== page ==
Edward Nelson (May 4, 1932 – September 10, 2014) was an American mathematician. He was professor in the Mathematics Department at Princeton University. He was known for his work on mathematical physics and mathematical logic. In mathematical logic, he was noted especially for his internal set theory, and views on ultrafinitism and the consistency of arithmetic. In philosophy of mathematics he advocated the view of formalism rather than platonism or intuitionism. He also wrote on the relationship between religion and mathematics.^{[1]}^{[2]}^{[3]}
Edward Nelson  

Born  
Died  September 10, 2014  (aged 82)
Citizenship  American 
Alma mater 

Known for  
Spouse(s) 

Children  2 
Awards  
Scientific career  
Fields  
Institutions  
Thesis  On the Operator Theory of Markoff Processes 
Doctoral advisor  Irving Segal 
Notable students 
Edward Nelson was born in Decatur, Georgia in 1932. He spent his early childhood in Rome where his father worked for the Italian YMCA. At the advent of World War II, Nelson moved with his mother to New York City, where he attended high school at the Bronx High School of Science. His father, who spoke fluent Russian, stayed in St. Petersburg in connection with issues related to prisoners of war. After the war, his family returned to Italy and he attended the Liceo Scientifico Giovanni Verga in Rome.^{[4]}
He received his Ph.D. in 1955 from the University of Chicago, where he worked with Irving Segal. He was a member of the Institute for Advanced Study from 1956 to 1959. He held a position at Princeton University starting in 1959, attaining the rank of professor there in 1964 and retiring in 2013.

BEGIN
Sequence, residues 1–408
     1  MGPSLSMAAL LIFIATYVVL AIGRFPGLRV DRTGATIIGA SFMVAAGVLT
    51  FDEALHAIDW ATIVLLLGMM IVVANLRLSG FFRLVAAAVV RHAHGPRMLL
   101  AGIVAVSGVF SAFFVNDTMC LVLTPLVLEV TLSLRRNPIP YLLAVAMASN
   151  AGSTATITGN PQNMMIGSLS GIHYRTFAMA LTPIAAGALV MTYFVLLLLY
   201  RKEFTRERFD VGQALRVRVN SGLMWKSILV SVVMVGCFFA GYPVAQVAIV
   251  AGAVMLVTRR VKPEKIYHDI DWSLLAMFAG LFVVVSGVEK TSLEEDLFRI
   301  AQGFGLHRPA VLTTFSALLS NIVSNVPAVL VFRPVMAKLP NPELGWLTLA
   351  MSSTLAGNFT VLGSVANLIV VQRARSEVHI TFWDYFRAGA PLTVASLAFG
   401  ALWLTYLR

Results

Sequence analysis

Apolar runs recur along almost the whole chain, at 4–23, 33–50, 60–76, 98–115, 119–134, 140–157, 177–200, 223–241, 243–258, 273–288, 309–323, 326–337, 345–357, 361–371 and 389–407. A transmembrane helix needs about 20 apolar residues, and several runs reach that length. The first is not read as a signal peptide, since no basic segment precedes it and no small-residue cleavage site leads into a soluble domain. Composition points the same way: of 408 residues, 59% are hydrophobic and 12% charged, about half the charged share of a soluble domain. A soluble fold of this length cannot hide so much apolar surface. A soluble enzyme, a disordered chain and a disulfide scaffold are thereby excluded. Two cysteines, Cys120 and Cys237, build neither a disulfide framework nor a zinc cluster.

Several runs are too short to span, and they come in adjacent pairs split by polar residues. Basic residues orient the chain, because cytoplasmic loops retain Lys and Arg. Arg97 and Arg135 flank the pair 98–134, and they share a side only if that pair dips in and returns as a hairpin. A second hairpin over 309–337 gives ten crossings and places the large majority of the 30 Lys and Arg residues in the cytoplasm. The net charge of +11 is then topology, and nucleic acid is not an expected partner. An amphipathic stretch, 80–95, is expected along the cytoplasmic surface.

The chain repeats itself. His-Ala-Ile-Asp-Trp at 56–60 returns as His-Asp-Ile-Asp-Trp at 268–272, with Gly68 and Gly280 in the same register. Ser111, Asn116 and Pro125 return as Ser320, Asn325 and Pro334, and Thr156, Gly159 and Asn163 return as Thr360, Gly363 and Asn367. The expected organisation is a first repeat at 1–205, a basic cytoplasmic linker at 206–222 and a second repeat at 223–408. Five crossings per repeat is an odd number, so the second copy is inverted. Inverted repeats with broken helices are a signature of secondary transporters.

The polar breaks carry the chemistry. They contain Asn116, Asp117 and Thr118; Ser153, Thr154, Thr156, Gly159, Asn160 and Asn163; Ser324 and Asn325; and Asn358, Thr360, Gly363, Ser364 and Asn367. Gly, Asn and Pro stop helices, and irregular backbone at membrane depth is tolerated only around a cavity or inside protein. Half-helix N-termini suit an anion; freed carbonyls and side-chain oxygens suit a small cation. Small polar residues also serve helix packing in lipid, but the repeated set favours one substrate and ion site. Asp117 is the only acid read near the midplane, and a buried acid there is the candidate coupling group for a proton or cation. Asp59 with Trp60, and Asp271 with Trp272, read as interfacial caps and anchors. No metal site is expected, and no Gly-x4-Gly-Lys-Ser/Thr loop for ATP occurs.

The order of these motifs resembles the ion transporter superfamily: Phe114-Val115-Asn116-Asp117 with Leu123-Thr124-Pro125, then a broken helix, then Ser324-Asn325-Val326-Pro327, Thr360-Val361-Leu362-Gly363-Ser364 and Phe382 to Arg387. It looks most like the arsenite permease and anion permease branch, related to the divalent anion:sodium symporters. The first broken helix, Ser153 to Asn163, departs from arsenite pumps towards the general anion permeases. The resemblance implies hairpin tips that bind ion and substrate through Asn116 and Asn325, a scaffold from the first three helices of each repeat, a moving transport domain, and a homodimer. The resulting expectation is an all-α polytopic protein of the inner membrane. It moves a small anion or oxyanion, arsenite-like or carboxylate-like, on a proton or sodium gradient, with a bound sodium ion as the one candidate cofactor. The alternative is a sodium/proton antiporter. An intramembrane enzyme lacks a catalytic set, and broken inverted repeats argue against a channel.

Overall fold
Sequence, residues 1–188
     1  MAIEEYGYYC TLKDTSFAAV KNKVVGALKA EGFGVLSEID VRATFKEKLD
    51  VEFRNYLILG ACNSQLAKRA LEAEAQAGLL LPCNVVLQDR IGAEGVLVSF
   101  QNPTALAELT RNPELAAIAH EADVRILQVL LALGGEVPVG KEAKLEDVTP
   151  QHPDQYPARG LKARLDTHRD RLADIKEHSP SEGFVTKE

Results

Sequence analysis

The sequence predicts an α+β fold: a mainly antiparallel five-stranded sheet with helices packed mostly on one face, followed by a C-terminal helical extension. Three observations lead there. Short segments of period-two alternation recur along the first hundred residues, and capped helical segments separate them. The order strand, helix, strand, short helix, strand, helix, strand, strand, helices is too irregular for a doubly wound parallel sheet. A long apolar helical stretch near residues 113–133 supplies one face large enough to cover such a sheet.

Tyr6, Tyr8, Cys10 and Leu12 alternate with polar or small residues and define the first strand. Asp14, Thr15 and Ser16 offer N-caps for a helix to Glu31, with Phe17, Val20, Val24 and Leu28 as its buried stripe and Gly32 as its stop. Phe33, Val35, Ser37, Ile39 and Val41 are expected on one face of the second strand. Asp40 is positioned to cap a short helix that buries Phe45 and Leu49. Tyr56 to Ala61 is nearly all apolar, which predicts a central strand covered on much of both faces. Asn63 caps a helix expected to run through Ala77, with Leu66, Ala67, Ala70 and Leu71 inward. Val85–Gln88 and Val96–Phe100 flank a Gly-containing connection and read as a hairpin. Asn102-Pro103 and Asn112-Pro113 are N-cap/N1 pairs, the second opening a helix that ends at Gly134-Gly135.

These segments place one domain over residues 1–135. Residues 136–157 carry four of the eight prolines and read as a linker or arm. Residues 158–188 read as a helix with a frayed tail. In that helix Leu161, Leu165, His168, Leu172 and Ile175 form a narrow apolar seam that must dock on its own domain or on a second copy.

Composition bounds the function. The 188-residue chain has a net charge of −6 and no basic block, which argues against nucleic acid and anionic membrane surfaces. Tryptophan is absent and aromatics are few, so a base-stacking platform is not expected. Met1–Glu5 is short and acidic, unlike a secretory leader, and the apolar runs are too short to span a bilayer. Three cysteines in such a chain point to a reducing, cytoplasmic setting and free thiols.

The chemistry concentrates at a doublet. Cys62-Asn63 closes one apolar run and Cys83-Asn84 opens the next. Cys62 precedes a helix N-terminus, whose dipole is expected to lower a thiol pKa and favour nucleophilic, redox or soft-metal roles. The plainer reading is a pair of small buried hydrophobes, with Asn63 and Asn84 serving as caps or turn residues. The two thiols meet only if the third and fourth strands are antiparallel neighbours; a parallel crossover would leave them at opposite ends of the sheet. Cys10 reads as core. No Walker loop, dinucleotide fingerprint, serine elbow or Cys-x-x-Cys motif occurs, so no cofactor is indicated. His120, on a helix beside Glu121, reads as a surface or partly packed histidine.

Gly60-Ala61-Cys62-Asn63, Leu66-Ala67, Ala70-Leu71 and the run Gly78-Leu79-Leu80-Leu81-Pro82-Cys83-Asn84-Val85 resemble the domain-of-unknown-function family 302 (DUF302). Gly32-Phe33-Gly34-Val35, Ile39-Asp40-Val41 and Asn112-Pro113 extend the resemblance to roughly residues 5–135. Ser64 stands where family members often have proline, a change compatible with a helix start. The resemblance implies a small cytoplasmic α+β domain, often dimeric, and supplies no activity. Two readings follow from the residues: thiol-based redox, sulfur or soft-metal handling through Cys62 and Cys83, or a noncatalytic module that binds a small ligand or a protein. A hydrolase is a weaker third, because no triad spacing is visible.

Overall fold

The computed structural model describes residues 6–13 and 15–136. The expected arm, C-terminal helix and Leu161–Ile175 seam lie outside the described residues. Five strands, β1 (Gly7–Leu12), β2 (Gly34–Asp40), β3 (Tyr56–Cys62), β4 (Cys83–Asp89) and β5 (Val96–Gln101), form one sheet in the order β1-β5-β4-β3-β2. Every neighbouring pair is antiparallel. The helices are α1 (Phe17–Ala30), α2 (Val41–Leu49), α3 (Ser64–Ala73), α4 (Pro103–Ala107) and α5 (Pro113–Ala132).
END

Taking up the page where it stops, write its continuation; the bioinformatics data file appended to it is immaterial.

In 2012 he became a fellow of the American Mathematical Society.^{[5]} He died in Princeton, New Jersey on September 10, 2014.^{[6]}
Nelson made contributions to the theory of infinitedimensional group representations, the mathematical treatment of quantum field theory, the use of stochastic processes in quantum mechanics, and the reformulation of probability theory in terms of nonstandard analysis. For many years he worked on mathematical physics and probability theory, and he retained a residual interest in these fields, particularly in connection with possible extensions of stochastic mechanics to field theory.
In 1950, Nelson formulated a popular variant of the four color problem: What is the chromatic number, denoted , of the plane? In more detail, what is the smallest number of colors sufficient for coloring the points of the Euclidean plane such that no two points of the same color are unit distance apart?^{[7]} We know by simple arguments that 4 ≤ χ ≤ 7. The problem was introduced to a wide mathematical audience by Martin Gardner in his October 1960 Mathematical Games column. The chromatic number problem, also now known as the Hadwiger–Nelson problem, was a favorite of Paul Erdős, who mentioned it frequently in his problems lectures. In 2018, Aubrey de Grey showed that χ ≥ 5.^{[8]}
In the later part of his career, he worked on mathematical logic and the foundations of mathematics. One of his goals was to extend IST (Internal Set Theory—a version of a portion of Abraham Robinson's nonstandard analysis) in a natural manner that includes external functions and sets, in a way that provides an external function with specified properties unless there is a finitary obstacle to its existence. Other work centered on fragments of arithmetic, studying the divide between those theories interpretable in Raphael Robinson's arithmetic and those that are not; computational complexity, including the problem of whether P is equal to NP or not; and automated proof checking.
In September 2011, Nelson announced that he had proved that Peano arithmetic was logically inconsistent.^{[9]} An error was found in the proof, and he retracted the claim.^{[10]}
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In terms of religion, I'm a Christian. Worship and prayer are very important to me.
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